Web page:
U.K. to Set Up $2.9 Billion Fund to Boost New Home BuildingBy
The U.K. is setting up a 2.3 billion pound ($2.9 billion) housing infrastructure fund as it seeks to slow home-price rises.
The fund will develop infrastructure to help support the construction of 100,000 homes by 2021, Chancellor of the Exchequer Philip Hammond said in the Autumn Statement on Wednesday. An additional 1.4 billion pounds will be spent to help deliver 40,000 affordable homes, Hammond said.
“The government expects to more than double annual capital spending on housing,” the Chancellor said, “This commitment to housing supply represents a step change in our ambitions on housing for sale and for rent.”
The government needs to build around 200,000 new homes a year to meet demand, according to broker Savills Plc. Almost 50,000 fewer houses and apartments were completed from 2015 to 2016, according to government statistics. That gap has stretched affordability levels, especially in London, as values reach record highs.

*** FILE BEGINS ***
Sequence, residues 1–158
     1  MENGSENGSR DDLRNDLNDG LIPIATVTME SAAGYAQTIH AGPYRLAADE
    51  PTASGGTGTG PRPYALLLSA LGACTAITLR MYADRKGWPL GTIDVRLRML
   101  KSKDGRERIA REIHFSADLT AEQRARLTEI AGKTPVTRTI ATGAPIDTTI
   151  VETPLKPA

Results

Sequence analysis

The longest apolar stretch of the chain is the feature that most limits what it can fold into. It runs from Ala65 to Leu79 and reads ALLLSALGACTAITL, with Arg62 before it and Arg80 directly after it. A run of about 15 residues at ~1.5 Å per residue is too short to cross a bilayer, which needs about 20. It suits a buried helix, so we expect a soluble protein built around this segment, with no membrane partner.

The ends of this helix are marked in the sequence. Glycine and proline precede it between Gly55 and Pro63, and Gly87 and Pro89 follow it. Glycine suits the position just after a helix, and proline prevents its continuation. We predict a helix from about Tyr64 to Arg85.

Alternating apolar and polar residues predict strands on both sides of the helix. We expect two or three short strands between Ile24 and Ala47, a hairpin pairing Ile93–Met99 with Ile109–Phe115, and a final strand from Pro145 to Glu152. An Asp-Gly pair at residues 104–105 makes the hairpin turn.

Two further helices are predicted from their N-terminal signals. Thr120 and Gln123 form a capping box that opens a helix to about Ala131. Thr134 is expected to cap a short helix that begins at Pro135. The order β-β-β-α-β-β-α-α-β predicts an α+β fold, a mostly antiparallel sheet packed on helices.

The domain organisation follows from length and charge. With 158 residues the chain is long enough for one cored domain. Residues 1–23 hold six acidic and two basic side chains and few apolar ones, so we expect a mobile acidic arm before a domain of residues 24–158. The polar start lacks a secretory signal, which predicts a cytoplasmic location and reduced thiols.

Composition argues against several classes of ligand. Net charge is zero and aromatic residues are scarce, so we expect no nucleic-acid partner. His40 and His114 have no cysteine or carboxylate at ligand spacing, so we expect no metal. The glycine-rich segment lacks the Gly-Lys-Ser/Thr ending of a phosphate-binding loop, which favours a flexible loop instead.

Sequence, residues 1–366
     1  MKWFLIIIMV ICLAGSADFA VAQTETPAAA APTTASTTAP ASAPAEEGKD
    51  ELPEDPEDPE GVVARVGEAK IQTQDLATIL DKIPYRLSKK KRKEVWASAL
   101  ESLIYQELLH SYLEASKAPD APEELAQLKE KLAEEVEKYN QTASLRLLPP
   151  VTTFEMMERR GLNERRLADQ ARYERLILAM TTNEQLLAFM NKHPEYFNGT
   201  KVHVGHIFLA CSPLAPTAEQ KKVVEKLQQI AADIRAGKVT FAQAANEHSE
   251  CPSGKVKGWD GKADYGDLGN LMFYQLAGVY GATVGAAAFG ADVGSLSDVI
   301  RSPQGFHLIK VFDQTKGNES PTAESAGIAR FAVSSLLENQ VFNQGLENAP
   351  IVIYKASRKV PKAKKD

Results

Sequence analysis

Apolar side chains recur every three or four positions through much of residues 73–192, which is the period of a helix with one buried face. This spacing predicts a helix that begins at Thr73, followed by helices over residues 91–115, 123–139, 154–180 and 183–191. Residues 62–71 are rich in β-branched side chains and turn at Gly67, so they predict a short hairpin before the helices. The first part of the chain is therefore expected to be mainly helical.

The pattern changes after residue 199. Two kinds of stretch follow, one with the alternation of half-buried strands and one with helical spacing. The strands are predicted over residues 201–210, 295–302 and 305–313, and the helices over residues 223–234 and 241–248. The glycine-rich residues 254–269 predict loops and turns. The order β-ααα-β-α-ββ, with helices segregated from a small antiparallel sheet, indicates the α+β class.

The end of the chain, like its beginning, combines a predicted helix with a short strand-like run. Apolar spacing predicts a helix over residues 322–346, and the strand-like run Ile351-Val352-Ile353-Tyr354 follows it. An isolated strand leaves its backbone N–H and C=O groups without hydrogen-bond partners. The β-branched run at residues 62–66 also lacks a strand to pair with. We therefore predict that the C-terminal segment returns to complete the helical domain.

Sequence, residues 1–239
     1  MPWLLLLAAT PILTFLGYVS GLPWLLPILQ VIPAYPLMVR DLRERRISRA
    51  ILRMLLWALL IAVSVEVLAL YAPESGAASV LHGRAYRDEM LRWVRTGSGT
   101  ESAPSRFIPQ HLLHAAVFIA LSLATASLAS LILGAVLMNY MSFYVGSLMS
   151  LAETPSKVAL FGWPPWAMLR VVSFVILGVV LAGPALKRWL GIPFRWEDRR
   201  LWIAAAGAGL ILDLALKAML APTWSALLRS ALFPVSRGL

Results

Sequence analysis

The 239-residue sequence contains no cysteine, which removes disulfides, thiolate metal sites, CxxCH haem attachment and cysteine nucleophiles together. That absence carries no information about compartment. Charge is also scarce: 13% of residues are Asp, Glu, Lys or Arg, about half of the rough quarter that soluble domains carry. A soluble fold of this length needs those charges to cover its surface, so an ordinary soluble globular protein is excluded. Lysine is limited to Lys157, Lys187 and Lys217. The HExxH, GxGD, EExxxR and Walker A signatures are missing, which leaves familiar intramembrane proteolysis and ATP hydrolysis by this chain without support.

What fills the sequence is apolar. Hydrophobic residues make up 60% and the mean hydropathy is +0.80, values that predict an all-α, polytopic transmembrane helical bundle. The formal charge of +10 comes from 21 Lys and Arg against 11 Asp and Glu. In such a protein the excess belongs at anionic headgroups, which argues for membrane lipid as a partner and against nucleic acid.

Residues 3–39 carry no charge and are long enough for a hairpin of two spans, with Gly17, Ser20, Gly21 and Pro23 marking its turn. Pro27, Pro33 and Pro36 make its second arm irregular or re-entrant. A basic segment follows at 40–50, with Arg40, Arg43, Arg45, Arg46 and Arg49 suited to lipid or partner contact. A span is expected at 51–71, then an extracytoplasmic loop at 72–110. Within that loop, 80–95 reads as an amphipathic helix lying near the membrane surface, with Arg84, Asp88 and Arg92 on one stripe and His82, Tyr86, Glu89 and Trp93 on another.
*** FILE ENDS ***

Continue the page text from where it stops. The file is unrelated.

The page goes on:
“The Chancellor missed a golden opportunity to kick-start the supply of new homes by not offering tax-incentives to release brownfield and greenfield sites,” Robert Pullen, a senior manager at accountancy firm Blick Rothenberg said in an e-mail. “The housing infrastructure fund will help, but we could have done more.”
— With assistance by Jack Sidders
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